[Click through for references.]
2012  abstraction  badges  dougbelshaw  terrywassall  davecormier  criticalthinking  efficiency  simplicity  complexity  patterns  patternrecognition  stephendownes  from delicious
april 2012 by robertogreco
Community as Curriculum – vol 2. The Guild/Distributed Continuum » Dave's Educational Blog
"The answer is to stop trying so hard, to stop looking for a systemic solution, and to return to a human-based knowledge plan. We need to return to community as a valid repository for knowledge, and away from a packaged view of knowledge and expertise. Knowledge can be fluid; it can be in transition, and we can still use it. We need to tap into the strength provided by communities and see the various forms of community literacy as the skills we need to acquire in order to be effective members of those communities."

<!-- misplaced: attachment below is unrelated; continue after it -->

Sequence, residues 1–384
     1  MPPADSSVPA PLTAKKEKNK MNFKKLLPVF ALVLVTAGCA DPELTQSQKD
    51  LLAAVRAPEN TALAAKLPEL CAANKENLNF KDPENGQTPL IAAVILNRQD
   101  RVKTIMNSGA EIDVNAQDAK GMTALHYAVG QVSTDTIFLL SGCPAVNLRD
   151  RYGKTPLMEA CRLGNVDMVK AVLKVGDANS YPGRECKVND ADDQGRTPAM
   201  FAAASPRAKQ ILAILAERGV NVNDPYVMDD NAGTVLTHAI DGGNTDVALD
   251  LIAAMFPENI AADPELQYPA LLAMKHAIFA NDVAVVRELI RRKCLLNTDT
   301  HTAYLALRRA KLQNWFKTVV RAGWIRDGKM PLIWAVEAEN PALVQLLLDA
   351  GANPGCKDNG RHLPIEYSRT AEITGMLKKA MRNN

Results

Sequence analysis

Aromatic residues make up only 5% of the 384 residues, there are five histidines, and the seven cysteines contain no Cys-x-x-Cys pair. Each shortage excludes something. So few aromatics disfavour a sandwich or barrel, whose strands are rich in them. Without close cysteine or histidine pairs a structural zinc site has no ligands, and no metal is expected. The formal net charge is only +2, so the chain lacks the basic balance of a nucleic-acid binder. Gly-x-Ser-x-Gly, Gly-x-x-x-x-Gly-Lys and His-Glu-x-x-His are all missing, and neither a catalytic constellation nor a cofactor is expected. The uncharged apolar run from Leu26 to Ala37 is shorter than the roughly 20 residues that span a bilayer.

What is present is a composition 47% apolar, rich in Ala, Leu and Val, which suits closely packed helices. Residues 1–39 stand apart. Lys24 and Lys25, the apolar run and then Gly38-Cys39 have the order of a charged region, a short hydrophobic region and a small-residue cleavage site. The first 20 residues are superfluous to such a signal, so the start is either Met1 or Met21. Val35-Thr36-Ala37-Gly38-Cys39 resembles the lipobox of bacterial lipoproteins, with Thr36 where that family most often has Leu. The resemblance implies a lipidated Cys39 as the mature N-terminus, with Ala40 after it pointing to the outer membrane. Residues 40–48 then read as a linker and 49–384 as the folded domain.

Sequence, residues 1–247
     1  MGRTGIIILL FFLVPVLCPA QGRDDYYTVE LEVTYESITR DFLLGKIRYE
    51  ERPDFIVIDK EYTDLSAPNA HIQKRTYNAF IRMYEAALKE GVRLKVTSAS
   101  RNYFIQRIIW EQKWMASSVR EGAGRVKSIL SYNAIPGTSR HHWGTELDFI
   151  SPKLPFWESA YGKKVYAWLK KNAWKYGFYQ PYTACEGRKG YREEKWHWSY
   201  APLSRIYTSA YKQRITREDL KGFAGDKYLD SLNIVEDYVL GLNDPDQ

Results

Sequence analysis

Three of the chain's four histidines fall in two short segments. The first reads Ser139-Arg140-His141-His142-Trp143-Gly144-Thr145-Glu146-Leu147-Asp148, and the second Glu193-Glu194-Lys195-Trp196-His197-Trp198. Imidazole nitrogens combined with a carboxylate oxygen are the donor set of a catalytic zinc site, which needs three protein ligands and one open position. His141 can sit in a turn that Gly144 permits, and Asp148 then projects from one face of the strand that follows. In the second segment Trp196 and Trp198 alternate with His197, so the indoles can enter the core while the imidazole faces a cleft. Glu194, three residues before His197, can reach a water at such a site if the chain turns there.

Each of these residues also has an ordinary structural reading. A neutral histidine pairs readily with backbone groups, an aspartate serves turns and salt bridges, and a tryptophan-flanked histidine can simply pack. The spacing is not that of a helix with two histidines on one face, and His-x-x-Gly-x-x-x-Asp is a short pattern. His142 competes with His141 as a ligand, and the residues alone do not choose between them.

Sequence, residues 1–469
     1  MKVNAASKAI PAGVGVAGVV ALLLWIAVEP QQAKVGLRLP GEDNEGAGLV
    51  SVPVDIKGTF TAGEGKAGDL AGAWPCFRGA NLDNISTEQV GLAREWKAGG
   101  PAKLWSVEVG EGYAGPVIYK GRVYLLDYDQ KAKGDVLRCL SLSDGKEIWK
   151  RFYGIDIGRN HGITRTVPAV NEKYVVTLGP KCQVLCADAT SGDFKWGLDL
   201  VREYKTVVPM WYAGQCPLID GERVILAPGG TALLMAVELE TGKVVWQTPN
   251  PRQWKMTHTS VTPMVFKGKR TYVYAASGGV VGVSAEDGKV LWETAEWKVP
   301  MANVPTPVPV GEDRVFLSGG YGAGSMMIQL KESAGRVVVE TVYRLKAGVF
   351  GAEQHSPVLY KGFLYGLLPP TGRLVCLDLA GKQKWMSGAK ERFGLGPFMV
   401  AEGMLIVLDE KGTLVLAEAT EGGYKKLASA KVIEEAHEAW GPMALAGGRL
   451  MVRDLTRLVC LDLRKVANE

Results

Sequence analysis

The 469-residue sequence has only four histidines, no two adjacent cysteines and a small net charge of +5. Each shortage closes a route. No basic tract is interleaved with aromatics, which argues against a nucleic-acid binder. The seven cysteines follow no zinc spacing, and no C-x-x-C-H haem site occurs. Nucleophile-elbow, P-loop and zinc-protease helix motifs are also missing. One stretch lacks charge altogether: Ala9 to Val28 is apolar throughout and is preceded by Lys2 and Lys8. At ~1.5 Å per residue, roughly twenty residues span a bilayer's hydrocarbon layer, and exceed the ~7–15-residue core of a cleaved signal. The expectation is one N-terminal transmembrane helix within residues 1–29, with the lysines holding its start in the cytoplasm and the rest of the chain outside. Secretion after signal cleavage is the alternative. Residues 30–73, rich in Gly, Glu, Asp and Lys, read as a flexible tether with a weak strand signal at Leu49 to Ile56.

davecormier  rhizomaticlearning  learning  knowledge  communities  education  guilds  lcproject  unschooling  deschooling  learningnetworks  2011  inquiry  relationships  conversation  networks  from delicious
november 2011 by robertogreco
Between the By-Road and the Main Road: An Alternative to High School: Humanities High School
"There are three concepts that frame the thinking in the development of Humanities High School (HHS): equity, leveraging learning everywhere, and rhizomatic learning…

At HHS, learners, teachers, and community-based mentors work collaboratively to provide students with the occasion to compose a cohesive liberal arts education that privileges the arts, humanities, problem solving and problem finding. HHS is committed to preparing students to be global citizens positioned for career and college choices."
maryannreilly  education  lcproject  alternativeeducation  teaching  learning  unschooling  deschooling  schools  schooldesign  2011  tcsnmy  globalcitizens  arts  humanities  community  mentoring  mentorships  problemsolving  rhizomaticlearning  learningeverywhere  humanitieshighschool  hhs  gillesdeleuze  guattari  deleuze  vygostgy  davecormier  mentorship  félixguattari  from delicious
june 2011 by robertogreco